The problem is that ram is still relatively expensive so 64bit instructions that waste ram still matters. If there is not enough ram the 64bit board could run slower than a 32bit board with the same amount of ram.

  17. @Nz1

    Apps in 64b computers are a lot bigger than 32b ones. Just compare the same Linux app source code compiled for x86 and x86_64. It is because they drag around a lot of 64b numbers (addresses) that weren’t there before. But without 64b you aren’t going to get more than 4GB of physical memory. Bigger apps need more memory bandwidth, more cache area, etc.

    A 64b CPU like the Allwinner A64 with a 3GB DRAM limit is fairly pointless except for marketing purposes.

  18. BTW – ARM is chasing 64b to get large address spaces (like 128GB of memory or more) so that there is room for many virtual machines. This is all about ARM64 on the server, not the desktop.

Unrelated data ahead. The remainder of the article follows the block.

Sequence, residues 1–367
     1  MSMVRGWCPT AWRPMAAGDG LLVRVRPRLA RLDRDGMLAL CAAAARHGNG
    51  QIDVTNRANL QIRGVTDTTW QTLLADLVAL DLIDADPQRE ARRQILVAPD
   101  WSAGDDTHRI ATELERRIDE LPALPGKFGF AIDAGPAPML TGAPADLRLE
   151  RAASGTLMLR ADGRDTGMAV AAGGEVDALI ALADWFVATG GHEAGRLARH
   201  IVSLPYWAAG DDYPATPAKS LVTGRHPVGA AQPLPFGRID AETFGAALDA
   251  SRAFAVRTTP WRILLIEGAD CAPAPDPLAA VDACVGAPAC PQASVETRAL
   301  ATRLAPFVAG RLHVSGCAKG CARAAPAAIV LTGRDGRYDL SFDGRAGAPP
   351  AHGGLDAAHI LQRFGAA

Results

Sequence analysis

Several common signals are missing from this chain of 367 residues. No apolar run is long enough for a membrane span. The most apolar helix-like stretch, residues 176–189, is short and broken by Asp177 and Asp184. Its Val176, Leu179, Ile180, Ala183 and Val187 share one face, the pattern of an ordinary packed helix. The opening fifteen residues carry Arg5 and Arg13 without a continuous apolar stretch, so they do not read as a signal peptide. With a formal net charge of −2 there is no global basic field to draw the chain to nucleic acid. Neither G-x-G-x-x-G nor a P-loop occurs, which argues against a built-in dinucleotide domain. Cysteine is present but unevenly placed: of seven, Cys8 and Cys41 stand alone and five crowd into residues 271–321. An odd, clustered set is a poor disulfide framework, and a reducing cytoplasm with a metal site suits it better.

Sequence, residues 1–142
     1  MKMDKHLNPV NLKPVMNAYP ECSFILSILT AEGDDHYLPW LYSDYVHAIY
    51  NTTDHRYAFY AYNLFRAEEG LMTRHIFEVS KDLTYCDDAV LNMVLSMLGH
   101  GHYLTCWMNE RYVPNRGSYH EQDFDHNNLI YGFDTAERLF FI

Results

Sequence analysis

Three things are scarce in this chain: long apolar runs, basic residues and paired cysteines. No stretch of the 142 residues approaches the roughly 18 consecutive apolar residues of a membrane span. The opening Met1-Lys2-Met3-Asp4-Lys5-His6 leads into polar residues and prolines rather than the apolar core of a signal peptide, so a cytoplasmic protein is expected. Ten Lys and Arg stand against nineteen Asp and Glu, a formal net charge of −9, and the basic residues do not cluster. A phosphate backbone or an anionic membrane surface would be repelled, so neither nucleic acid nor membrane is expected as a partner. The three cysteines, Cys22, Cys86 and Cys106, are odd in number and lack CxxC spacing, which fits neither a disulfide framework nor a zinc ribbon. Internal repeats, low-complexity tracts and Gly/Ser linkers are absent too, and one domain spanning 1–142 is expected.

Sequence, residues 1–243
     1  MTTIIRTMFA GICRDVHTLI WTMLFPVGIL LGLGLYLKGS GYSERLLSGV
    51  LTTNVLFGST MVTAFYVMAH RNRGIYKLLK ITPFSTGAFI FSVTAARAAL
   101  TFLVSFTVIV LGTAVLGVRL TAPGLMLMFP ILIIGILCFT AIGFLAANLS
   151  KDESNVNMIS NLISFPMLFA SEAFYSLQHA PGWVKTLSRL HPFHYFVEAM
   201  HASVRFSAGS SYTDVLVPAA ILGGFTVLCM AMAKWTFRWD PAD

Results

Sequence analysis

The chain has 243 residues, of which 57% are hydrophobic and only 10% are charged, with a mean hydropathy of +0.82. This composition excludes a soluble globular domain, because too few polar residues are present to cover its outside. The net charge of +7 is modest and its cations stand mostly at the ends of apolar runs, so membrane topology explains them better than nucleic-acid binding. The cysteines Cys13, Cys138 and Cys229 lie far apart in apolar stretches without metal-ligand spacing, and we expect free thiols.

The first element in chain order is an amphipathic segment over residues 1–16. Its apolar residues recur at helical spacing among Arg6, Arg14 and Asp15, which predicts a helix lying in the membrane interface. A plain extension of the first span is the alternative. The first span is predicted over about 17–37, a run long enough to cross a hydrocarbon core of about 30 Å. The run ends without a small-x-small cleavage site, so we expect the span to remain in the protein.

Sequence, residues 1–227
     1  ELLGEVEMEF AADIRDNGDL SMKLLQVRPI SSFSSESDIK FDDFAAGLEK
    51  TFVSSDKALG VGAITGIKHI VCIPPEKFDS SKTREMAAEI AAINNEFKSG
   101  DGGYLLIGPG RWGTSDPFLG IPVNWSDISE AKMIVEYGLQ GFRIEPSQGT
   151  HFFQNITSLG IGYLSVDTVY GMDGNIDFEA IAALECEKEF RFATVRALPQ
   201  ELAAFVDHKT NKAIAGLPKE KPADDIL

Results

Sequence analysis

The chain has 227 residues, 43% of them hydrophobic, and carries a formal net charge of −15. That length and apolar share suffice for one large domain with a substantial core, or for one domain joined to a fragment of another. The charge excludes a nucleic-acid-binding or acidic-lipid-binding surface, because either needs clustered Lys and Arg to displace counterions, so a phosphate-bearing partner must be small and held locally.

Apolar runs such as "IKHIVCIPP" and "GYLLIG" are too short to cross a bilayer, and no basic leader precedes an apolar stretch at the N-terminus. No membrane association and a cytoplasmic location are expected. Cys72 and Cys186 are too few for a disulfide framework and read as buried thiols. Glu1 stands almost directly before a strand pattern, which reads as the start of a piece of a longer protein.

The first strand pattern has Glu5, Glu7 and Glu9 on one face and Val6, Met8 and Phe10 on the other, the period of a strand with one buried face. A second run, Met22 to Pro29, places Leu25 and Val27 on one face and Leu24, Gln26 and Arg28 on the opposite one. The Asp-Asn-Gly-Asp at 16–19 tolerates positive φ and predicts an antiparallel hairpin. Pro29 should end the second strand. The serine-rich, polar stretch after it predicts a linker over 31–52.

19. I too want to know if it supports hardware video decoding of HEVC (H.265) and VP9? Both are royaltee free so should be fine to use if only the hardware would support it.

    Don’t think it really deserves to be called Raspberry Pi “3” unless it the CPU is 64-bit and it supports at least hardware decoding of 1080p HEVC videos, with VP9 being a bonus.

  20. @Stephen
    Why when the latest firmware updates allow it to run at up to 600MHz with complete stability on a Pi2B? The same is likely to be true of the Pi3B unless they’ve downgraded the RAM.

  21. Good job you are not posting about this on The RaspberryPi forum. The posts about it get deleted by the heavy handed who answer to no one.

  22. @Jon Smirl

    For ARM, just like X86 but unlike MIPS and PowerPC, 64 bit is not pointless. It effectively is a complete new instruction set. ARM32 is mediocre. ARM64 is a very well instruction set with more than doubled amount of registers. Whether your pointers are 32 or 64 bit is up to you.

    Nice to see RPi moving to ARM64 that early. However, I want more performance than Cortex A35, 4GB memory and faster IO.

  23. @Slackstick